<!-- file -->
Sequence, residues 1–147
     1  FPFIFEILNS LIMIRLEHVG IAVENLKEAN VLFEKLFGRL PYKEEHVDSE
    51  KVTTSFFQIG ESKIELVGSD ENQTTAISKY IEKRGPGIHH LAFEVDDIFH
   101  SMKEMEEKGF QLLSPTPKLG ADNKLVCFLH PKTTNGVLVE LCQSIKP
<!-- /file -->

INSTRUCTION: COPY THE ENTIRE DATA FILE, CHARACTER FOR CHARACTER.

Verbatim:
Sequence, residues 1–147
     1  FPFIFEILNS LIMIRLEHVG IAVENLKEAN VLFEKLFGRL PYKEEHVDSE
    51  KVTTSFFQIG ESKIELVGSD ENQTTAISKY IEKRGPGIHH LAFEVDDIFH
   101  SMKEMEEKGF QLLSPTPKLG ADNKLVCFLH PKTTNGVLVE LCQSIKP